EBRI Issue Brief
The Reality of Retirement Today: Lessons in Planning for Tomorrow
- The 1996 Retirement Confidence Survey, co-organized by the Employee Benefit
Research Institute, Mathew Greenwald and Associates, and the American
Savings Education Council, focuses on the realities of life for current
retirees and implications for current workers.
- One-fifth of retirees have experienced a decline in their standard of
living since they retired. One-fifth expect their lifestyle to worsen over
the coming years. For many, retirement reality has not matched
expectations, and one-quarter are not confident in their prospects for the
remainder of their retirement. This represents a lack of confidence in
their own financial preparation and a lack of faith in Social Security and
Medicare. These findings should serve as a reality check for workers who
need to plan now for retirement.
- Workers' confidence in their retirement income prospects dropped
12 percentage points over the past year. If this drop signifies that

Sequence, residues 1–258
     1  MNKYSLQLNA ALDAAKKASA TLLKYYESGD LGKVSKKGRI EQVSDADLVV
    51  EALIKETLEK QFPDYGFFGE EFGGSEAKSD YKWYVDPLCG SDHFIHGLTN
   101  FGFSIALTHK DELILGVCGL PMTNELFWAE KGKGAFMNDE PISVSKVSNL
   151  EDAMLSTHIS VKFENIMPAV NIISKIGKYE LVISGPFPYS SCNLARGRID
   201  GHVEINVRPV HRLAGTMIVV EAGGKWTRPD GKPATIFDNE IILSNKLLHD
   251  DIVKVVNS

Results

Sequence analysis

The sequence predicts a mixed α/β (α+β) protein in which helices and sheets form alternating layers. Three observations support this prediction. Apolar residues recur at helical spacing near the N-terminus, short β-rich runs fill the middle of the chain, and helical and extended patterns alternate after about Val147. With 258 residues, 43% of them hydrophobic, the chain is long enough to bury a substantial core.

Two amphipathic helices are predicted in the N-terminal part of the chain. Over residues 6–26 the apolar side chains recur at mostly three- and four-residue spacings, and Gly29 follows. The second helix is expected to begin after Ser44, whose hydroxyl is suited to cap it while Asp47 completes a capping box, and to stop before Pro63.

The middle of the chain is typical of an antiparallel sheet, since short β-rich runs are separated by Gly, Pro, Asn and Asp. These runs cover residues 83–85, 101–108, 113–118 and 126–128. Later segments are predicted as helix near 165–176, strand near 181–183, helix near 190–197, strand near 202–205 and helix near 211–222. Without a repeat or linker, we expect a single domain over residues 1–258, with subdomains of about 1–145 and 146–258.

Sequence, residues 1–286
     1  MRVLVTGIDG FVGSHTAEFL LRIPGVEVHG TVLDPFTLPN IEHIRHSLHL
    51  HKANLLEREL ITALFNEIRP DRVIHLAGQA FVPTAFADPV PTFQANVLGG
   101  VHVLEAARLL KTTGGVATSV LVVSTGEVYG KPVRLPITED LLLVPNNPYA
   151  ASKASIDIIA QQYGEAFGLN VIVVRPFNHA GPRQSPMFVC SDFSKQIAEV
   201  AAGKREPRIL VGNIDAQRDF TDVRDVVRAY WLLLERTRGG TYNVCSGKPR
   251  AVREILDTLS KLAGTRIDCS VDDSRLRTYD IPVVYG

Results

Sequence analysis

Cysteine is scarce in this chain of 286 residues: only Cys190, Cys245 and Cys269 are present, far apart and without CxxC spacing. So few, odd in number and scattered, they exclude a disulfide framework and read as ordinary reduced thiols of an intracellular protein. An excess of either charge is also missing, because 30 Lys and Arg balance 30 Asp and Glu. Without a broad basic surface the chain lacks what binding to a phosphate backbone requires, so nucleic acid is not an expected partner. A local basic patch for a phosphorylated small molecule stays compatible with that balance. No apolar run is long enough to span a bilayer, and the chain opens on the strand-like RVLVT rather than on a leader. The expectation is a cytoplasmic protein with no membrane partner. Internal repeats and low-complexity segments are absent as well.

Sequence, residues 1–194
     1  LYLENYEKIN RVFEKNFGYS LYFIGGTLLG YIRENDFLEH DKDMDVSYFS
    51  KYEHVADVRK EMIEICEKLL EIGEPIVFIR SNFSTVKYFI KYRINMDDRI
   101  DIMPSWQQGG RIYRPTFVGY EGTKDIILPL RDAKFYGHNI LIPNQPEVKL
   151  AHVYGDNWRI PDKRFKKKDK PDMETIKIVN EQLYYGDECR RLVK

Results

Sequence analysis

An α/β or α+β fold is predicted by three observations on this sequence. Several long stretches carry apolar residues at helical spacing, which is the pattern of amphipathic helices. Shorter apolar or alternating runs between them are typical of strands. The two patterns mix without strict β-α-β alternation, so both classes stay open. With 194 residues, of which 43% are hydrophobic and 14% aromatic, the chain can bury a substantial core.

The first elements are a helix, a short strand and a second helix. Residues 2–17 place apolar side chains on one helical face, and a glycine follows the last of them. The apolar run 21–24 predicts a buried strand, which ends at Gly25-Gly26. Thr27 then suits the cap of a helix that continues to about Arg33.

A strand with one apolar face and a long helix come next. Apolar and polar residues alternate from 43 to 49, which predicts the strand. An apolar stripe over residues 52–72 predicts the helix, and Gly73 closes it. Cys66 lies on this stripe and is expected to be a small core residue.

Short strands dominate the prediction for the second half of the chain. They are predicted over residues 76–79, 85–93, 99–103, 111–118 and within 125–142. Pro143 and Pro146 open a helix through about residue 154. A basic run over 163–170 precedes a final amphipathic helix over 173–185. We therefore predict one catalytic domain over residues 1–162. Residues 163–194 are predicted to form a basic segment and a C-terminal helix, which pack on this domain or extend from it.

workers are being more realistic about their prospects and may be coming to
terms with what they need to do to secure their own retirement income
security, it is a good sign.
- Many workers are saving for retirement; however, this saving is not based
on a plan designed to achieve a calculated goal. Only one-third of workers
have tried to determine how much they will need to have saved by retirement
so that they can live comfortably. Only one-third of these were very
confident that they had determined an accurate figure. Furthermore, when
asked how much they calculated that they would need to save,
42 percent could not give an amount. Therefore, less than 20 percent
actually had a specific number with which to work.
- Americans are pessimistic regarding the Social Security system in its
current state and its ability to maintain benefit levels into the future.
At the same time, they are generally opposed to any form of benefit cuts
and/or tax increases (except for higher income retirees). What types of
changes would they accept? Apparently, they would accept investment of
trust fund assets in private equity markets and/or the creation of
individual Social Security 401(k)-like accounts as part of the system.